Vaccination: A long and perilous history

A company has to apply for approval by the competent public health agency in the country or region of production, such as the FDA in the US or the EMA in Europe.
Vaccination: A long and perilous history

Chennai

Since the COVID-19 pandemic began, we have been waiting for a vaccine: a hero in a syringe to end the pandemic and give us our normal lives back. Unfortunately, however, the process of modern vaccine production is time-consuming and far from easy. After the right molecules have been discovered, the vaccine has to pass through a series of preclinical and clinical trials in which it is tested on animals and humans.
Then, a company has to apply for approval by the competent public health agency in the country or region of production, such as the FDA in the US or the EMA in Europe. If a vaccine does receive approval, it then has to be mass-produced and distributed, possibly worldwide.
In centuries gone by, however, producing a vaccination was not such a tedious task. Even clinical trials were easy back then: One could just try it on a servant and hope for the best. The concept of vaccination is pretty simple. It is based on the response of our immune system. Whenever our immune system encounters a disease-causing foreign body in the form of a virus or bacterium, it produces antibodies against part or parts of it. Upon a second encounter, the antibodies catch the pathogen and prevent it from causing illness.
But some diseases are deadly or cause severe symptoms, so it is better to avoid them once and for all by being vaccinated, if possible. A vaccine contains inactive or weak viruses or bacteria that the body can use as a template to produce antibodies without getting ill. Although some vaccines cause symptoms such as mild fever or fatigue, these are usually not nearly as bad as those caused by the actual illnesses.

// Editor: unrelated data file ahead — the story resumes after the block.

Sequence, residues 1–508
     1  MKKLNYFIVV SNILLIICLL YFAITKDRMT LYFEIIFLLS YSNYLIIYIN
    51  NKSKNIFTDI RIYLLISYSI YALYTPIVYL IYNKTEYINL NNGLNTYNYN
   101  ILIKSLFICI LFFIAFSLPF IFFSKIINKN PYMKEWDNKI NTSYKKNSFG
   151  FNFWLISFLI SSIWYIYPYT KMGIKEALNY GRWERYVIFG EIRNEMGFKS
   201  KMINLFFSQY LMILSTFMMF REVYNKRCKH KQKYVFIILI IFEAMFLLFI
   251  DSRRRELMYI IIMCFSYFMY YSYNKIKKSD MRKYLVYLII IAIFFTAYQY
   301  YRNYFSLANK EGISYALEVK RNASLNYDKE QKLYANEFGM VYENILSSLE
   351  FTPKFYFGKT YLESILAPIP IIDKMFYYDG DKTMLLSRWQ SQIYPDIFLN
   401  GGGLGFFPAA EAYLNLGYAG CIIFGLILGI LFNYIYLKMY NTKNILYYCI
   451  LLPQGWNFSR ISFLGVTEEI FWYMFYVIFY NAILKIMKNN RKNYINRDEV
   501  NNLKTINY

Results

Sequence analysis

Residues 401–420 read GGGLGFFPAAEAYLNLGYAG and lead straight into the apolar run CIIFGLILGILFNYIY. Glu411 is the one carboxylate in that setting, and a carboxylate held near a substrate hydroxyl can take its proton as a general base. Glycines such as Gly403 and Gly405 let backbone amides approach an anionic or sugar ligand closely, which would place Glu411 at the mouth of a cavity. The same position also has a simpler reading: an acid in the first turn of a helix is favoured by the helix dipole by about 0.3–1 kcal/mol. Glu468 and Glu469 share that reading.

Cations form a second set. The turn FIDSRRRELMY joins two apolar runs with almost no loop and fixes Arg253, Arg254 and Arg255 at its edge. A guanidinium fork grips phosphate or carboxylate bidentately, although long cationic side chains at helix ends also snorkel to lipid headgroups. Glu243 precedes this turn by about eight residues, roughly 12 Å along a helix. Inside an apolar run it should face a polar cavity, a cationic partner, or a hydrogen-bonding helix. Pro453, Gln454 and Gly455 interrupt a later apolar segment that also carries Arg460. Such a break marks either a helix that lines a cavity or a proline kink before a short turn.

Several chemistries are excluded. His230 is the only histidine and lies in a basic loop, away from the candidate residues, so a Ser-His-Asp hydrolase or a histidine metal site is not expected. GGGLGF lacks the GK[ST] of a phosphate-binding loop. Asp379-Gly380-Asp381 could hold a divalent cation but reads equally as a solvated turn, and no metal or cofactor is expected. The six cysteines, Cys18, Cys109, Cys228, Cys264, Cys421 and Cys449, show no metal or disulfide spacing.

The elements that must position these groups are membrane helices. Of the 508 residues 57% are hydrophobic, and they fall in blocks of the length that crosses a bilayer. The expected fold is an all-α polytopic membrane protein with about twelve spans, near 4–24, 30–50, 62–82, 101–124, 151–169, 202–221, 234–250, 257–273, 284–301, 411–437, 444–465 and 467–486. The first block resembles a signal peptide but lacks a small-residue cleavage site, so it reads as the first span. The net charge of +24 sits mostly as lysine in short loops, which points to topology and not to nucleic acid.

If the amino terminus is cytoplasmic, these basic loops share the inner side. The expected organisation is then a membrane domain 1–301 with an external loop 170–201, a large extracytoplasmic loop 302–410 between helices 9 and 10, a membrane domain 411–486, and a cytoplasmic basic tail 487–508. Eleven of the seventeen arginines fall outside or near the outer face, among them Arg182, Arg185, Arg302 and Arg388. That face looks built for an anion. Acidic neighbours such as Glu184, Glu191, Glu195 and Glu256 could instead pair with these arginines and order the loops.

In 1796, the English physician and scientist Edward Jenner attempted the first vaccination procedure against smallpox using material from a lesion caused by cowpox, a disease contracted from a similar virus. Jenner is now widely known as the “father of immunology.” Interestingly enough, however, Jenner did not discover vaccination: He just popularised a common concept called “variolation.” The word variolation is derived from “variola,” the name given to the virus causing smallpox. At the time, variolation meant using dried scabs from a smallpox patient to give another person immunity. A person who has been variolated will develop a milder course of the illness.
Smallpox is one of the deadliest diseases known to humankind. Thirty out of 100 people infected by smallpox used to die of the disease. Variolation used dried scabs from smallpox that harboured the virus. Several methods were followed. Some physicians rubbed the dried scabs against the skin of the person who was to be made immune. The Chinese ground dried scabs into powder, exposed it to hot steam, which damaged viral particles and reduced the amount of infection that could be transmitted, then blew the powder up a person’s nose.
The most popular variolation method in Europe was inoculation: The smallpox material obtained from a patient or a victim was injected subcutaneously into a person using a needle. It now sounds somewhat barbaric to insert a needle harbouring a dangerous virus into someone, especially given the fact that there was no guarantee of surviving the procedure. But smallpox was such a serious matter that the risk seemed worth taking for many.
Variolation can traced back to China, India and the Arabian Peninsula; the origin not quite clear. The practice then reached Constantinople, today’s Istanbul, brought there by people from North Africa or the Arabs. Variolation is not risk-free; in fact, variolated individuals could spread the virus and even die themselves. However, the death rate was significantly lower — 1 to 100 — when a person acquired the virus through variolation as opposed to becoming infected naturally.
In 1959, the World Health Organization initiated a global smallpox eradication campaign. After many challenges were overcome, the WHO announced in 1980 that the disease had been eradicated. The vaccine has not only prevented many deaths, but saved millions of children from having to endure scarring or deformities for the rest of their lives.

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